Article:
imageI remember one of these shows because I opened for Chris. It was at the now-transformed (in)famous Nightingale’s in the east village, the early home of fellow roots rockers Blues Traveler and a host of other nineties NYC acts. I remember how excited I was to hear Chris flex his lanky tenor and croon the night away, and how excited Chris was to be singing again, without a hint of rock star pretension, playing music as if he hadn’t just been on the cover of Rolling Stone or opened for The Stones, playing music out of pure love. Chris recalls a sense of “service” that overcame him when his voice returned, a sense of service that prompted him to think “I will use my voice for good…I’ve got nothing to prove.”

While The Spin Doctors were all about the jam, all about the search, Chris Barron’s solo material, which is in many ways Chris Barron the singer-songwriter, is all about the celebration of life and music. His latest offering Songs from the Summer of Sangria is released under the nomenclature Chris Barron and The Time Bandits and features a sweet collection of tasteful musicians with lots of old school chops and admiration to support Chris’s new compositions. “The Band is home base,” he says, citing musical inspirations and influences, and calls the record “Exile on Main Street meets Last Waltz.” Crank up “Phony,” the EP’s chunky second track, and you might even hear a little bit of Matthew Sweet and ZZ Top mixed in with “Gimme Shelter.” The last song, a simple and reflective acoustic piece is sparse and lovely, and Chris’s voice alone in the night sky of minimal accompaniment forces us to really think deeply about just what it was that he had to go through, how hard it must have been. Remarkably, while being less adventurous than the musical stylings of his more popular band, Chris manages to be more ambitious as a writer. He drops a coin into the jukebox of music history. There’s an embracing of all that is universal about music in these new songs. There’s less idiosyncrasy and more straightforward love and appreciation for the gift that allows us to make it.

I imagine Chris listening to all of these aforementioned artists and more while crafting these songs and getting really specific about what he’s referencing, but when I ask him about it he pauses. “A lot of the time most people spend listening, I spend playing,” he says, and I remember The Spin Doctors’ 300-date odysseys across the country and the world. imageAnd he’s still traveling, with recent jaunts to Iraq, Spain and Norway to promote the new stuff. It’s a kind of unwritten philosophy this endless transition from one place or thing to the next for musicians like Chris, a philosophy that may seem unconvincing and tiresome to some but life for others. Chris searches for the Italian philosopher Giordano Bruno’s name in the Rolodex of his mind as we get ready to leave the pier and take some photos in the gritty grandeur of Manhattan sidewalks and bodegas. He paraphrases: “If a philosophy doesn’t provide solace, then its worthless, right?”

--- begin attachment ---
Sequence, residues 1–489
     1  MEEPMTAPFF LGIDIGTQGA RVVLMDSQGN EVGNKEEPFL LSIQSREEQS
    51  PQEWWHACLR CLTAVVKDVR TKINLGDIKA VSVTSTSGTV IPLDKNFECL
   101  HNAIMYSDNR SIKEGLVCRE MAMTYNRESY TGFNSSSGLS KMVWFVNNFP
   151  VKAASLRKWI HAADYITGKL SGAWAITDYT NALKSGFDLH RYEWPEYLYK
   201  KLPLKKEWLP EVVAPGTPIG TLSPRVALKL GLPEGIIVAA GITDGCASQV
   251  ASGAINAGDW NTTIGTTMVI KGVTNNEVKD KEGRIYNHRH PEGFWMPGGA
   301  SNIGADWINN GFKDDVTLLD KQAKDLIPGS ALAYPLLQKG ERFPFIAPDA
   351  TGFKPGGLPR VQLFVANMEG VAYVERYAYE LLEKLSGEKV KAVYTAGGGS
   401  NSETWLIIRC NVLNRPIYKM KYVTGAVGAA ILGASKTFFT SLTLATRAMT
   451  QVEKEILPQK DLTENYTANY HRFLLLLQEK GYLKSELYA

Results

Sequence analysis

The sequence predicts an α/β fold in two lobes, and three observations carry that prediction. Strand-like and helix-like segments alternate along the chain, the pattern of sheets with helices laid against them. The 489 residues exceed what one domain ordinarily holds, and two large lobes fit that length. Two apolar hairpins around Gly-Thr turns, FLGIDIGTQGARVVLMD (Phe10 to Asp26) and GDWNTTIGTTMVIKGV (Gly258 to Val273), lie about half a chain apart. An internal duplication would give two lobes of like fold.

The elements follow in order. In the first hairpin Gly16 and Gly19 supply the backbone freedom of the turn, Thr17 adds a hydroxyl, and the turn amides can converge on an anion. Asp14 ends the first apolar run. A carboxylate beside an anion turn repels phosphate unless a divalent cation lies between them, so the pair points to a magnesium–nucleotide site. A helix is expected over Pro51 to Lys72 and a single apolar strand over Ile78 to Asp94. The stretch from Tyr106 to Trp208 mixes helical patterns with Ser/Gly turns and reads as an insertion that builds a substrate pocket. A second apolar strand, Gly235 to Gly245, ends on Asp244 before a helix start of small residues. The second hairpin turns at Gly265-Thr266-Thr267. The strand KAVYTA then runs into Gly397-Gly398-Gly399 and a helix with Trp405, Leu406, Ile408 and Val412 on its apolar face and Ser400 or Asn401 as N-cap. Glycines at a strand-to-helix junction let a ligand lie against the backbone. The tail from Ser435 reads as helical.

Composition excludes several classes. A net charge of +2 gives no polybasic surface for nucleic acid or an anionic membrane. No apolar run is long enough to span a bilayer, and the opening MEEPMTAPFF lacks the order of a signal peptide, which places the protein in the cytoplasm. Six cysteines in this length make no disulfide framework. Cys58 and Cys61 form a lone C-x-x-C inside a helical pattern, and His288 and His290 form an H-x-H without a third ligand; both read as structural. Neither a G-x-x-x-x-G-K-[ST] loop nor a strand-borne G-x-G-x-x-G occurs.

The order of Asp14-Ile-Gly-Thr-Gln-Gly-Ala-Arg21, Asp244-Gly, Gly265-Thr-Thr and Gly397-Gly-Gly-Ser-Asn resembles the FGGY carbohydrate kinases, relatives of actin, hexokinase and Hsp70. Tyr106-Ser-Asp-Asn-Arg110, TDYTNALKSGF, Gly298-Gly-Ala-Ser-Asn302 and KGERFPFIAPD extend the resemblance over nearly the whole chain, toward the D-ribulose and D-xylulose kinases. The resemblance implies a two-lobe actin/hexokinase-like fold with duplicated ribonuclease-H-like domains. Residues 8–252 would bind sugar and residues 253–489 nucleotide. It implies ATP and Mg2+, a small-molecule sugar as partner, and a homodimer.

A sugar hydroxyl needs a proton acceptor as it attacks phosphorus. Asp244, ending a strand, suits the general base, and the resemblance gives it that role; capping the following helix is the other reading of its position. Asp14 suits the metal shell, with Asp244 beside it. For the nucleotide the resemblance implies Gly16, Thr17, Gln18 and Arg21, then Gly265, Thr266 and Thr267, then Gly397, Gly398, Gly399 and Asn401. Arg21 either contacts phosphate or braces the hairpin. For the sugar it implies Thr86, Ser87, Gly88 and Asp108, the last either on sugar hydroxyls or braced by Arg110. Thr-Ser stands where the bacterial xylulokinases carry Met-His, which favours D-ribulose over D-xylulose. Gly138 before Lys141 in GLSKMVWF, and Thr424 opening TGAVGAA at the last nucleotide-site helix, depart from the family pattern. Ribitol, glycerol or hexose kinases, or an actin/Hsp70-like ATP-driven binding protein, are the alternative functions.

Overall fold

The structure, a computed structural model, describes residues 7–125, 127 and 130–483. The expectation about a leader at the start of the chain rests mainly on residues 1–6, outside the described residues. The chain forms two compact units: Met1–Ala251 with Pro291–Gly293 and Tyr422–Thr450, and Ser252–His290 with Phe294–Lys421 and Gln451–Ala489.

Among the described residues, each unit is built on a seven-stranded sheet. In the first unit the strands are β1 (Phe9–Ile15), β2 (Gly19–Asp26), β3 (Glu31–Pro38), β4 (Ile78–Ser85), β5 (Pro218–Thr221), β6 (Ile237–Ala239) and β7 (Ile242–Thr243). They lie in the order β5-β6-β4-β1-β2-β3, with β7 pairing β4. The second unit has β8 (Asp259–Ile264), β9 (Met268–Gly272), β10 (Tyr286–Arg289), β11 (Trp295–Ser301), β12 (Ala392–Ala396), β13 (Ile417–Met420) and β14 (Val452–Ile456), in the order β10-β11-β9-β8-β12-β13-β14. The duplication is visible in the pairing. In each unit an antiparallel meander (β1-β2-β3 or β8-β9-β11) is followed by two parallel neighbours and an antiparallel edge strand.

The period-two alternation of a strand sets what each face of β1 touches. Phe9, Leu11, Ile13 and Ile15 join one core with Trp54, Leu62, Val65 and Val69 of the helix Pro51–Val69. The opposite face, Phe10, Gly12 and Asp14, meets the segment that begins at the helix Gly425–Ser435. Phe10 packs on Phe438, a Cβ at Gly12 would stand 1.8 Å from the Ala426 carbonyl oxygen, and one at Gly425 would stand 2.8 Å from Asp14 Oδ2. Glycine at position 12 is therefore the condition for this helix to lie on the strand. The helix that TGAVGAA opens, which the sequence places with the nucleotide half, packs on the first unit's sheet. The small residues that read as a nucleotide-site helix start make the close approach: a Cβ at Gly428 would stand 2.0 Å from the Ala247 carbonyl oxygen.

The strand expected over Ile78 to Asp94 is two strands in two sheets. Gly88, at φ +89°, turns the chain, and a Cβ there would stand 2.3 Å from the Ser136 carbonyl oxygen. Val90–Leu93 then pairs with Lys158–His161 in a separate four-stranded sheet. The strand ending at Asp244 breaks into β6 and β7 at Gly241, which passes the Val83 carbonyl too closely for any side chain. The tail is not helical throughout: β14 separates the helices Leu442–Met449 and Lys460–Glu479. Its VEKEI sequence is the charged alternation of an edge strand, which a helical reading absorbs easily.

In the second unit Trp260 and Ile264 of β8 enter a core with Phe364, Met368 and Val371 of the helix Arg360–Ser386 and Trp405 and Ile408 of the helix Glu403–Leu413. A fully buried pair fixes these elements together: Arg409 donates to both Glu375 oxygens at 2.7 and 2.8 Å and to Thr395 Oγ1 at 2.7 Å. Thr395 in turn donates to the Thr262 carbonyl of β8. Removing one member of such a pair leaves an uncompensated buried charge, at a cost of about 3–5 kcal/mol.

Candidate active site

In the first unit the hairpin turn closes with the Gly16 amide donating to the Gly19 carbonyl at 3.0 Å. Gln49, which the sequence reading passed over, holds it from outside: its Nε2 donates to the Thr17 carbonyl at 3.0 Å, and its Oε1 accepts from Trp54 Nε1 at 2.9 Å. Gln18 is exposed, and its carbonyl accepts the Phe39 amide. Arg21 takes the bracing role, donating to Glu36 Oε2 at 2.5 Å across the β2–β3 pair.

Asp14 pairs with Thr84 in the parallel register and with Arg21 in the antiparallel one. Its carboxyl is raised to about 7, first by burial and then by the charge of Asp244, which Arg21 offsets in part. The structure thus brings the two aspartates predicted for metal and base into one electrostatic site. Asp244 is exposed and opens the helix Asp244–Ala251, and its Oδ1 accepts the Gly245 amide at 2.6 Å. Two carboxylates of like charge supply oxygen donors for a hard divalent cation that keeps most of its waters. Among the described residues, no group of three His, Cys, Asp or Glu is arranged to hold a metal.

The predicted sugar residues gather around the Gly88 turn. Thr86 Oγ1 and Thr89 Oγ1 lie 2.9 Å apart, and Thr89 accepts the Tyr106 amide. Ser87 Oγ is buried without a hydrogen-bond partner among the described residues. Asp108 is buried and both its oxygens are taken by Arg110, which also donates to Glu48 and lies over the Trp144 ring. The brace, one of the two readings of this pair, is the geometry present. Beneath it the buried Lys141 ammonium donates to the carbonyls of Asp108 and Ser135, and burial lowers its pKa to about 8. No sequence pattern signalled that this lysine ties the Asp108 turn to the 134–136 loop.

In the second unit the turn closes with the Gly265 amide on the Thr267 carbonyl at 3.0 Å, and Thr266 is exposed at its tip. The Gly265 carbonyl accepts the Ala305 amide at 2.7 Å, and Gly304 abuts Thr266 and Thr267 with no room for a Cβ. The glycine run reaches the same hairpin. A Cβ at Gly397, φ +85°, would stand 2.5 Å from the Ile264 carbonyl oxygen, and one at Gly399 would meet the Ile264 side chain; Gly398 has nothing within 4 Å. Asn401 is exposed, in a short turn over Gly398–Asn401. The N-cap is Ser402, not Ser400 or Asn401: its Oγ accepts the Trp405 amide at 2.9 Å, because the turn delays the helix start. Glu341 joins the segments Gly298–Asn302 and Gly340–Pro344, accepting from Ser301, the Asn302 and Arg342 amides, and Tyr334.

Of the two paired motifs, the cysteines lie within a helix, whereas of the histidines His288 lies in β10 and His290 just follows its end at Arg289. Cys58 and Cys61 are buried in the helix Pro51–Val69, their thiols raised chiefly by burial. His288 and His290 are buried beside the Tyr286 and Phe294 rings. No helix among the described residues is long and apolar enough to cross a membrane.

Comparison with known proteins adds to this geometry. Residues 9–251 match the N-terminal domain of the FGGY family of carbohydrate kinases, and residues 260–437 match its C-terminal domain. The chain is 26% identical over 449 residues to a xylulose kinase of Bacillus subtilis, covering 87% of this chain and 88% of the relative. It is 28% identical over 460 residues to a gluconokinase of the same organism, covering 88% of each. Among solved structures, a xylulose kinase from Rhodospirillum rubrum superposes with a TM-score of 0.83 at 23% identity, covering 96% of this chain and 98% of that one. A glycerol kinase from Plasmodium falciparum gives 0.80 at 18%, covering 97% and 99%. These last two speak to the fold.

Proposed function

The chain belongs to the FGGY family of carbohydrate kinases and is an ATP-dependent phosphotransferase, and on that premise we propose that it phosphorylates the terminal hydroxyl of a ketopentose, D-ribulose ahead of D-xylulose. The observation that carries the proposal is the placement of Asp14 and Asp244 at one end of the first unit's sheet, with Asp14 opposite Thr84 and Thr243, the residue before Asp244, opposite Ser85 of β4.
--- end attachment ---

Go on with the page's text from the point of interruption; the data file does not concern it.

We can all learn a lot from Chris Barron. He is, in a way, living evidence of how to make love stay. Perhaps it’s giving up the thing we love most in this world or, rather, having to give it up for a while in order to have it again that makes us grow closer to it. How wonderful it is that through a forced silence, one can arrive at blissful noise. How wide and knowing and deep the smile of the Buddhist monk is during silent meditation. How thankful we all can be. How thankful we all can be.

Before we leave, I ask Chris one last question. I want to know about the most memorable experience he has had with music on the road. Moments that he’s on stage don’t count. It’s a bit of a peculiar question at best, I admit, but I’m always curious about what happens when we put our guitars down, when the music’s on but we’re not the ones playing it, so to speak. “Oh, that one’s easy,” he says. “The Spins were backstage on the tour with The Stones. We were hanging out with Keith Richards and some of the other guys. I was on the floor watching these older dudes, these legends, just being silly with each other and kidding around. I turned to Keith and said, ‘It’s so great that you guys are just having fun.’ And he smiled and came back with ‘Sure man, why else would you do this?’ It was an awesome moment, and in my enthusiasm, I responded, ‘I want to do this for the rest of my life,’ to which Keith replied ‘You will, man, you will.’ I felt knighted that day. If Keith Richards said I was going to do this for the rest of my life, then it was all settled.”

alan semerdjian

Alan Semerdjian is a writer, musician, English teacher, and occasional visual artist. Besides LI Pulse, his work has appeared in Newsday, Adbusters, Chain, The Lyric Review and numerous other print and online publications, anthologies, and chapbooks. His first full-length book of poetry is In the Architecture of Bone (Genpop Books 2009). You can visit him digitally at alanarts.com and find out about his music at alansemerdjian.com.